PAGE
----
Truth be told, these IOCs are not the only guilty actor in the Niger Delta crises. The political elites, particularly the Niger Delta bourgeoisie are also part of the problem. Likewise many of the community leaders. Information has it that these leaders armed their youths to deal with their opponents especially during the electioneering campaigns. The welfare packages from some of the IOCs are also diverted for their own personal aggrandisements. It is noteworthy that at least three former governors of ND have been convicted for corruption in Nigeria and Britain.
The let down from the IOCs, traditional rulers and political leaders of Niger Delta gave birth to different kinds of agitations. This was pioneered by Isaac Adaka Boro in the 70s. His rebellion group was quickly dismantled by the government forces. In the late 80s and early 90s, Kenule Saro-Wiwa engaged the powers-that-be in nonviolent agitation for the betterment of ND. He used his intellectual prowess as a playwright, poet and orator to draw attention to the deplorable situation in his Ogoniland and the Niger Delta region. Many of us will remember ‘Bassey and Company’ a satiric play produced by Ken Saro Wiwa and aired on Nigerian Television Authority for many years.
Ken led many street protests, addressed many rallies and embarked on series of nonviolent actions to bring about positive change in ND. Rather than listen, the powerful forces among the political elite in cahoots with some of the IOCs framed him and eight others for the murder of four Ogoni chiefs. Against international appeals for their release, the Gen. Sani Abacha regime in 1995 summarily tried Ken and eight others and had them hanged. That action turned Nigeria into a pariah nation as the country was suspended from Commonwealth and Canada even closed down its embassy in Nigeria in protest for many years.
It was the Abacha’s inordinate political ambition of wanting to transmute from a military Head of State to a civilian president that fuelled the Niger Delta agitation for development. It was reported in the media that during the ‘One Million Man March’ organised by the group known as Association for Better Nigeria to drum up support for Abacha, the youths of Niger Delta who were bussed in to Abuja to partake in the solidarity march saw the palatial buildings in Abuja, the well paved roads and other social amenities in the Federal Capital Territory and returned to the creeks to start agitating for the development of their region like the FCT. Of course, having realised that Ken Saro Wiwa did not achieve much through the nonviolent agitation, the new crops of agitators decided to go violent. That is what led us to the challenge we currently have on our hands with the emergence of Movement for the Emancipation of Niger Delta and at present, the Niger Delta Avengers.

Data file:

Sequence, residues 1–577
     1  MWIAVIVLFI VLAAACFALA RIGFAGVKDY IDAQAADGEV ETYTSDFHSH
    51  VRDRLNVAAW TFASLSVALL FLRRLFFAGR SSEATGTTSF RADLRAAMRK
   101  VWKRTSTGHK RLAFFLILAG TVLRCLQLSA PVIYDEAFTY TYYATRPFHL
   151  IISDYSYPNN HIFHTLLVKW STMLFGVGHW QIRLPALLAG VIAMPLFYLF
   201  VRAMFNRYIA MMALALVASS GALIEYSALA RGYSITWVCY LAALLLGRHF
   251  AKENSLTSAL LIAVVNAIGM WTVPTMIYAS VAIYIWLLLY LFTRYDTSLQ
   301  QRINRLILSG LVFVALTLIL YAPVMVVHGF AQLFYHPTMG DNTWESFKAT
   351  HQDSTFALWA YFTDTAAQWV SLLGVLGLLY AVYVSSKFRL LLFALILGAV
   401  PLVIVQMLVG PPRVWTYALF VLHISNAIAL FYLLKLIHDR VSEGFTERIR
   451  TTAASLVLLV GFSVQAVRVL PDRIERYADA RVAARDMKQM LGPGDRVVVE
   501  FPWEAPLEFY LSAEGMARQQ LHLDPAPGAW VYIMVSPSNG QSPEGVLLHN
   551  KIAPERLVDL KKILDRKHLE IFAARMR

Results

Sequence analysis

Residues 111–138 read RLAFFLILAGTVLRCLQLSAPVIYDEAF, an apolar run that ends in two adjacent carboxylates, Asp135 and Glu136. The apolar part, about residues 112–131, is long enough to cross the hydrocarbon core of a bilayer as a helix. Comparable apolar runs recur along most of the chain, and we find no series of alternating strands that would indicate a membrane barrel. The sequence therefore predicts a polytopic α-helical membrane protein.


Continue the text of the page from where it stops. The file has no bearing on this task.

I have to put on record the efforts of different levels of government to develop the Niger Delta region. These include the payment of 13 per cent derivation fund to the oil producing states, the ecological fund, the establishment of the Federal Ministry of Niger Delta, the setting up of Oil Mineral Producing Areas Development Commission and later Niger Delta Development Commission, the Amnesty Programme for ND militants, various Corporate Social Responsibility programmes of the IOCs, establishment of Delta State Oil Producing Areas Development Commission, the recent flag-off of the cleanup of the Ogoniland and the proposed Petroleum Industry Bill from which host communities are supposed to enjoy 10 per cent of revenue derived from the sale of oil drilled from each community.
Why then is the country still experiencing violent agitations from the Niger Delta militants? Because there is no good governance. Despite these various initiatives, the people of Niger Delta are still living in misery and squalor. They are yet to experience dividends of democracy and development. That is the missing link government and IOCs need to fix.
Sunday, June 5, 2016
Last Wednesday, precisely on June 1, 2016, I was among the resource persons at a roundtable organised for judicial correspondents of Nigerian media. The event held at Rockview Hotel, Abuja was put together by a non-governmental organisation known as Law, Media and Social Justice Development Initiative. The themes of the roundtable were “Reporting Court Proceedings by the Media: Uses and Abuses” and “Justice Development in FCT Judiciary.” Among the dignitaries that graced the occasion were Hon. Justice Ishaq U. Bello who is the Chief Judge of the Federal Capital Territory High Court (he came in company of five other justices of the FCT High Court), Mr. Waheed Odusile, who is the National President of Nigeria Union of Journalists, Prof. Paul Idornigie, SAN, Chief J. K Gadzama, SAN and Barrister Charles Odenigbo who was the Chief Host. There were five papers presented. I spoke on the topic “Trial by Media: Understanding Implications through Case Studies”
In my presentation I defined the media as well as did an overview of legal framework for media practice in Nigeria before going to discuss the main issue. According to Wikipedia, “Trial by media is a phrase popular in the late 20th century and early 21st century to describe the impact of television and newspaper coverage on a person's reputation by creating a widespread perception of guilt or innocence before, or after, a verdict in a court of law.” The problem with this syndrome or phenomenon according to Ugur Nedim, a lawyer, is that it is a collision between the right to a fair trial on one hand and freedom of speech and public interest (including ‘open justice’) on the other. While the public has a right to know if politicians are involved in less than ethical behaviour, there comes a point where excessive media coverage could impact on a fair trial. Finding this balance often proves elusive.”